who does this aldous huxley guy think he is?
Post #203 • January 30, 2004, 10:37 AM • 6 Comments
I recently posted an excerpt from an essay by Aldous Huxley entitled The Best Picture, in which he announces that a particular Piero ressurection is exactly that. The essay caught my eye partly because it makes fun of the kind of Best-Of list-making that we see in the art world at the end of every year, something in which I refuse to participate even when other writers I respect are doing it. I was also impressed with Huxley's audacity on behalf of Piero. But is he correct?
Postmodernism, which is relativistic, dismisses the idea of an absolute good in art as a fixed, eternal entity. Indeed, such a thing is difficult to make a case for. But Huxley's absolute good is not fixed in this way:
...there does exist, none the less, an absolute standard of artistic merit. And it is a standard which is in the last resort a moral one. Whether a work of art is good or bad depends entirely on the quality of the character which expresses itself in the work.
He is not referring to conventional morality.
Not that all virtuous men are good artists, nor all artists conventionally virtuous.
He is talking about a kind of integrity and inquiry into the self.
One can be dishonourable towards one's publishers and yet preserve the kind of virtue that is necessary to a good artist. That virtue is the virtue of integrity of honesty towards oneself.
In other words, self-criticism.
This is a tempting line of thought: that self-criticism is itself an absolute good. Self-criticism must be fluid. It must be personal. We're not used to thinking of absolutes as being fluid and personal. But Huxley studied Eastern philosophies, in which the absolute is the state of perfect fluidity. The emptiness in Taoism, for example, is a space filled with possibility and spontenaiety.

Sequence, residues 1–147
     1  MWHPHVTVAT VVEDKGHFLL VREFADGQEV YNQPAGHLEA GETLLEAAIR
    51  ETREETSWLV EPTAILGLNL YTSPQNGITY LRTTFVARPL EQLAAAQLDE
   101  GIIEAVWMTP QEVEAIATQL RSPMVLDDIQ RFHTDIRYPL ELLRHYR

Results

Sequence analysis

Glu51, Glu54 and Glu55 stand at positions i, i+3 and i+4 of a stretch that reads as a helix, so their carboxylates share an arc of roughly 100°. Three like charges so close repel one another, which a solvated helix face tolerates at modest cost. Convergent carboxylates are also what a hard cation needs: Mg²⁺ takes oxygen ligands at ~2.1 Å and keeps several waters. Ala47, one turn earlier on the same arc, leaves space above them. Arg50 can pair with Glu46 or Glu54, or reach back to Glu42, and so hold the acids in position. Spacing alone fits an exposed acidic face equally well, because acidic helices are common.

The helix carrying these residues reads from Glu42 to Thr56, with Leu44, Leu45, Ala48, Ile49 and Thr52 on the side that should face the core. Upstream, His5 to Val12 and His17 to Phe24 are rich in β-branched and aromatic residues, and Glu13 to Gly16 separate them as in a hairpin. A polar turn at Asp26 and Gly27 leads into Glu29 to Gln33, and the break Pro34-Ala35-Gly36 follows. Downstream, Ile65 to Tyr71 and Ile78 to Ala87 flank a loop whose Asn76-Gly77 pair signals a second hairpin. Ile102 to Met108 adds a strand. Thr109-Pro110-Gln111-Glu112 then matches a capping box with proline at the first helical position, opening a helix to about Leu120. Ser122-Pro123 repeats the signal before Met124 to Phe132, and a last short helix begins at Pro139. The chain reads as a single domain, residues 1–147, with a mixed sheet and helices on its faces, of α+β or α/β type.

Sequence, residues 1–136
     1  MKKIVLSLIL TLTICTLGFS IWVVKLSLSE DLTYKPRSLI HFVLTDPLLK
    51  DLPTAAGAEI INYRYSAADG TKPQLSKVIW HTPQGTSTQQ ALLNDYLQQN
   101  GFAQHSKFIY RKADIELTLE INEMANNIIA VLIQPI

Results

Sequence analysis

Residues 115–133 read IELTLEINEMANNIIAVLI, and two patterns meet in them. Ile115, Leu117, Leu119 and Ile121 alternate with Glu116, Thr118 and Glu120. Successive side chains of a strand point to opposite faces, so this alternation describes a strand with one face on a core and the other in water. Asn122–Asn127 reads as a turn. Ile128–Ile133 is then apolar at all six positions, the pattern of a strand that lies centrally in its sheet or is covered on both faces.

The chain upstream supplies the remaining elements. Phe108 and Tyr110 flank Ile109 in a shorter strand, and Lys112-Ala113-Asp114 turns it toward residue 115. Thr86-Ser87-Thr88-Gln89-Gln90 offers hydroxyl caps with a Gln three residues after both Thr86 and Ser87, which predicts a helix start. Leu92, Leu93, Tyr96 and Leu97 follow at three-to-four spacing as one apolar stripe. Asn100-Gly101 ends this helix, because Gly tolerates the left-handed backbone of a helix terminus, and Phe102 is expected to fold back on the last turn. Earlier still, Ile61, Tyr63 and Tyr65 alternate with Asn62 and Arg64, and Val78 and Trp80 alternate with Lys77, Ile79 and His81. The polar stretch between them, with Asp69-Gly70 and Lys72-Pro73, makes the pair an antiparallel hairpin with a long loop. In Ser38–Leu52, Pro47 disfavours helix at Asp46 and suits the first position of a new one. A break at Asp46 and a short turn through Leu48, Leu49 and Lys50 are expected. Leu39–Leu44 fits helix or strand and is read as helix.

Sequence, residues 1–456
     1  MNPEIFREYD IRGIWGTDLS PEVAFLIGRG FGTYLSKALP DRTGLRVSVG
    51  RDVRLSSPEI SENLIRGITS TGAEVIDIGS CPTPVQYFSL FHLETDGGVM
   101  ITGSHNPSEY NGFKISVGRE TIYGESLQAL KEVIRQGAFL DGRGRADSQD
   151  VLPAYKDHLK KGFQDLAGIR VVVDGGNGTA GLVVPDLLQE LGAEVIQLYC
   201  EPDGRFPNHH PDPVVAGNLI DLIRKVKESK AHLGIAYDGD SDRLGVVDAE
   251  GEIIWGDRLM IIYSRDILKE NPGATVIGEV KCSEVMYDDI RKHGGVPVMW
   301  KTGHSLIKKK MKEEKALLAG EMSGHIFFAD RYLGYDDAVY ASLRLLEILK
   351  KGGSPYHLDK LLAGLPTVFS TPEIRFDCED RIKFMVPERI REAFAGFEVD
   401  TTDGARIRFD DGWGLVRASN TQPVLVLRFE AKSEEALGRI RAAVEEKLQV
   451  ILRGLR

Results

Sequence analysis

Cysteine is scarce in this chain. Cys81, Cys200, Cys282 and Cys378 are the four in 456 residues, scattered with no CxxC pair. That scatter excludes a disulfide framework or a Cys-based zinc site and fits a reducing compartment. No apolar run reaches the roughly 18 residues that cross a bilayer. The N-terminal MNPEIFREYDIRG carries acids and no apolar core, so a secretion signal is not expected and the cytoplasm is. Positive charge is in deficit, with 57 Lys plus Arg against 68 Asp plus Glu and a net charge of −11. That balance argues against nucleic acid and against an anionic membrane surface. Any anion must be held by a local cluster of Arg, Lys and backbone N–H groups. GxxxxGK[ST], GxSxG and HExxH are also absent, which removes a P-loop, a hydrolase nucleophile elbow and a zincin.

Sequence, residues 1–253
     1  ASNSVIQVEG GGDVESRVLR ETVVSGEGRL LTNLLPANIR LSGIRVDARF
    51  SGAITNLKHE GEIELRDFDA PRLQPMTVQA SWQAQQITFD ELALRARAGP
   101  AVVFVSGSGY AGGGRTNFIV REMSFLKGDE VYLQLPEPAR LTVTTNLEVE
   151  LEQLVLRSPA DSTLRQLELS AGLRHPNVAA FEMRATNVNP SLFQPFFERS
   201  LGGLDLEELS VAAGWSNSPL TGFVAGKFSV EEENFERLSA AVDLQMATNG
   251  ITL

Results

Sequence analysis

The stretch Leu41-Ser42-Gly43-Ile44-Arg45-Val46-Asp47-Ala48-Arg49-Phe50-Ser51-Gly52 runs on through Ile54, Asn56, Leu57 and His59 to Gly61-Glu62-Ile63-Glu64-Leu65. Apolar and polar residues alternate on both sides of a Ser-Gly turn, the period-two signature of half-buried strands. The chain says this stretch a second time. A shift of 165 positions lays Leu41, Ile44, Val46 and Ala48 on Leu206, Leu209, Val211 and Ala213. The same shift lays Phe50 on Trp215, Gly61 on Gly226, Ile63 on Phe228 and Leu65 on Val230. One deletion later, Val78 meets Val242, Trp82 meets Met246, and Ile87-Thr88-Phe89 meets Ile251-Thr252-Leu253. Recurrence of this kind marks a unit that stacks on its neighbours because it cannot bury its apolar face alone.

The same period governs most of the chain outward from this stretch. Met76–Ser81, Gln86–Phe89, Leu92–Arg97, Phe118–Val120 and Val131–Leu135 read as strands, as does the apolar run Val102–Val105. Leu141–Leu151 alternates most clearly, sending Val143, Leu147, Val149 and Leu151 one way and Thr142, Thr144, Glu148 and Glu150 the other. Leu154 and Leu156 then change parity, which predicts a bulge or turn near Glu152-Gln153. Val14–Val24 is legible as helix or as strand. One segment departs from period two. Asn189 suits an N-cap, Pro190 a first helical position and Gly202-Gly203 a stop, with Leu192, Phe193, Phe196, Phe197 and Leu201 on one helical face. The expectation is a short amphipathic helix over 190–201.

Zen formulated a relationship between the absolute and relative aspects of reality that recognized the presence of both, something that contemporary art criticism has done a bad job of. One Zen sutra entitled The Identity of Relative and Absolute says:
The subtle source is clear and bright; the tributary streams flow through the darkness. To be attached to things is illusion. To encounter the absolute is not yet enlightenment.Each and all, the subjective and objective spheres are related and at the same time independent. Related, yet working differently, though each keeps it own place.
Within light there is darkness, but do not try to understand that darkness. Within darkness there is light, but do not look for that light. Light and darkness are a pair, like the foot before and the foot behind in walking.
Postmodernists state this oppositely. When they talk about absolutes, they talk about rigid standards imposed from above in an authoritarian, coercive manner. Their fluid situation is a relative one, in which boundaries and judgements have been erased. They would do away with absolutes in favor of freedom and opportunity, but even stated this way, it's as though they would get rid of one of art's feet and try to walk.
Whether Huxley's beloved Piero is the Best Picture is beside the point. Huxley, writing in 1938, indicated a way out of the postmodernist mess: the idea of an absolute good in art that is individual, flexible, and derives from an activity instead of a belief. Based on this, an art theory that reconciles absolutes and relativities could be constructed.